In addition to these aspects of cultural mobilization on the far right, M-I also sheds light on the increase that has occurred on university campuses in the open promulgation of extremist speech and mobilization and the sustained attack on the supposed “cultural Marxism” endemic in university faculties.
Propaganda, white-supremacist fliers, racist graffiti, and provocative speaking tours have brought hate to campuses across the country in new ways, exposing hundreds of thousands of students to far-right ideologies. This kind of hate intimidates and threatens members of vulnerable groups, unsettles campus climates, and creates significant anxiety around student safety and well-being. Students at Syracuse University who staged a sit-in in November 2019 following more than a dozen hate incidents at the university told journalists that they didn’t feel safe on campus. (120)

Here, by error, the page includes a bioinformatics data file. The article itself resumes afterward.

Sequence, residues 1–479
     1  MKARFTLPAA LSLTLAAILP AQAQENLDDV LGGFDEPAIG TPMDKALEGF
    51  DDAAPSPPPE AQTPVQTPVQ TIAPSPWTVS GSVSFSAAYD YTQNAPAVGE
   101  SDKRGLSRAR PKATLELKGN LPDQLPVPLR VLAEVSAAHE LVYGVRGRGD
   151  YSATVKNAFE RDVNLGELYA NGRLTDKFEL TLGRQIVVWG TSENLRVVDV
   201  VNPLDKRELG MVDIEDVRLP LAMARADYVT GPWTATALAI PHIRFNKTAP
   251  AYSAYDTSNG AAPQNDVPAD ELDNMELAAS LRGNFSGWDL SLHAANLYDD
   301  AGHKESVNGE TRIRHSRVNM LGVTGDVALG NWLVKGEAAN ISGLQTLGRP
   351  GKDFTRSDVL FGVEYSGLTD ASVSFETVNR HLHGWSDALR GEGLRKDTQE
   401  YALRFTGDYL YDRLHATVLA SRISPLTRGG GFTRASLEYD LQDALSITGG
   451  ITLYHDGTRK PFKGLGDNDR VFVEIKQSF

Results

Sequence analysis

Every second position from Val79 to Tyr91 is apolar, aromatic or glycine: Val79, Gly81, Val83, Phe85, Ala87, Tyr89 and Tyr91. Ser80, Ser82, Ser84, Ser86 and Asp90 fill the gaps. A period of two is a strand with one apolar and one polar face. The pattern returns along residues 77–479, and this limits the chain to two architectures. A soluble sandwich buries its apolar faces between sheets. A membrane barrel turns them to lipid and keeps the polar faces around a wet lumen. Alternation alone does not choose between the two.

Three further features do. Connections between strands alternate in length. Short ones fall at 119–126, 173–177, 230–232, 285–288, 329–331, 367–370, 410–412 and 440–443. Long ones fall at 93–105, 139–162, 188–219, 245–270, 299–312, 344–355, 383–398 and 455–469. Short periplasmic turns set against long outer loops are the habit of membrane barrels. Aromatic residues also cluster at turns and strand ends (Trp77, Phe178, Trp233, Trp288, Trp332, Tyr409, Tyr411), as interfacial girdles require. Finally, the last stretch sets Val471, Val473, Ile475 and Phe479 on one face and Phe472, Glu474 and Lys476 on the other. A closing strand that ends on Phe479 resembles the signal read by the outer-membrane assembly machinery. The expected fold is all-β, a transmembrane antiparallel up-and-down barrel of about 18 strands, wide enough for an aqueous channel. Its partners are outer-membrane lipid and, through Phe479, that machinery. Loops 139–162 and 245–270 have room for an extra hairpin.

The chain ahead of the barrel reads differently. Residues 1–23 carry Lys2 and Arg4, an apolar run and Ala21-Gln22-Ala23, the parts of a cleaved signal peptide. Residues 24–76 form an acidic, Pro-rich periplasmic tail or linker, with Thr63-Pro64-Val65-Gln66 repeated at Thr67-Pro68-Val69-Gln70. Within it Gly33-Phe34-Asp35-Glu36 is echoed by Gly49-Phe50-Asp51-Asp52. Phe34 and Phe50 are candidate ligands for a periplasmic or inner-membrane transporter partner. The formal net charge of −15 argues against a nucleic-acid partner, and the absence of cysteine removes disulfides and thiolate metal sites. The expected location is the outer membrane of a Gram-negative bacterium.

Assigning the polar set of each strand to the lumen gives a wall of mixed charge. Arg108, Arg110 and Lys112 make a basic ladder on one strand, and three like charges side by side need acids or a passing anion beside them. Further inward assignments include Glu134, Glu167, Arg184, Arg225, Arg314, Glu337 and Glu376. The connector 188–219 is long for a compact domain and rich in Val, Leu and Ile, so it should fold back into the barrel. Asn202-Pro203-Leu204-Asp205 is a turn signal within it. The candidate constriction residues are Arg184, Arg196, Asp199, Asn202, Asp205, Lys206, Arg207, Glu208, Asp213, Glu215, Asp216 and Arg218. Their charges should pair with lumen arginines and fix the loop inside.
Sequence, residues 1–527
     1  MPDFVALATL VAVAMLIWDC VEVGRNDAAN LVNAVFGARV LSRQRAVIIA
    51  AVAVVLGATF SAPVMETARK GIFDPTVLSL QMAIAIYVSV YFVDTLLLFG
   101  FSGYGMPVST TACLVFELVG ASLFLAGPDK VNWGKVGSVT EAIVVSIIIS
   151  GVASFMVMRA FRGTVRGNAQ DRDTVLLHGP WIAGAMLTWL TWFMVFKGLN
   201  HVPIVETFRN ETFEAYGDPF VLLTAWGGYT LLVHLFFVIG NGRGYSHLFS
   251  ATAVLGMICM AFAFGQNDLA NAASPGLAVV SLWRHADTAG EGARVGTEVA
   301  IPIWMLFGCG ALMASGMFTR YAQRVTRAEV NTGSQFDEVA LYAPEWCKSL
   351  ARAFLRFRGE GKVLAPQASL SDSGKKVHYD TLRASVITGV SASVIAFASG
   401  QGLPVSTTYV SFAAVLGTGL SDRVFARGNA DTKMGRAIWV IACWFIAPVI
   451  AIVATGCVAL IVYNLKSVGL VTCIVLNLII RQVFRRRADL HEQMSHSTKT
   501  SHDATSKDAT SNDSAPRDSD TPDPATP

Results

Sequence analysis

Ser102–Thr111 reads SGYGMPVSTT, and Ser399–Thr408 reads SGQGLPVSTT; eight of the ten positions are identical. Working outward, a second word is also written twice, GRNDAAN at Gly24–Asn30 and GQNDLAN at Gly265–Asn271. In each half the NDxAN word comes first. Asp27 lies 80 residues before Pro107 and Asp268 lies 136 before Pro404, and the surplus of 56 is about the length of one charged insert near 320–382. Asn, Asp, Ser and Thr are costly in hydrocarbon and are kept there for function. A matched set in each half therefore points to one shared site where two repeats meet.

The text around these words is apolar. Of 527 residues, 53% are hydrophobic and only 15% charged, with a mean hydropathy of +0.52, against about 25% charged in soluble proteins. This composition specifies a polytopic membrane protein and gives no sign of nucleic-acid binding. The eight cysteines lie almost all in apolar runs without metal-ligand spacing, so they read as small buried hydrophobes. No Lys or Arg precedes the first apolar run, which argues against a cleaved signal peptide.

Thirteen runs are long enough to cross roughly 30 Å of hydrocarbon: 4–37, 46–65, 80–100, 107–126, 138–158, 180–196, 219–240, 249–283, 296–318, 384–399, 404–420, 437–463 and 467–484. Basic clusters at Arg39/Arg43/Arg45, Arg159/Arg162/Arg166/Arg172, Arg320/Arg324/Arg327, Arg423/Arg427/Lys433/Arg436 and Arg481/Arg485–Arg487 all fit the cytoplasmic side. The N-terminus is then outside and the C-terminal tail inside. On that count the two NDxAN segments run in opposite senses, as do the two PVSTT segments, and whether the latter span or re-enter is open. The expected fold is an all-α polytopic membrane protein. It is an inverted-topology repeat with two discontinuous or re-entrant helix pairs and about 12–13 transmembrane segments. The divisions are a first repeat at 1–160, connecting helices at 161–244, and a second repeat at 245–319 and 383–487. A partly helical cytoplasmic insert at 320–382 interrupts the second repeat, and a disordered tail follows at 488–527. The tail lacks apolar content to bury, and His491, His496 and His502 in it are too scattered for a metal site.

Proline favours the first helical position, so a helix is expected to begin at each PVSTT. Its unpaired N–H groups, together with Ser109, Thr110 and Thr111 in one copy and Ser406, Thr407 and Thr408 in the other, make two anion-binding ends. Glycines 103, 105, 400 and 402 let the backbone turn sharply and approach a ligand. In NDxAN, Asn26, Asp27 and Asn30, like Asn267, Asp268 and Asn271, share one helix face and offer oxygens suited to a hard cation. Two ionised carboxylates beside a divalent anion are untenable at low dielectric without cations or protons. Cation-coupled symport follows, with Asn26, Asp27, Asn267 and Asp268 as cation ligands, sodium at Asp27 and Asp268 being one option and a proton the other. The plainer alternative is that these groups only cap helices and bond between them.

There is much more of interest in Hate in the Homeland. The book should be priority reading for anyone interested in stemming the rise of extremism in western liberal democracies.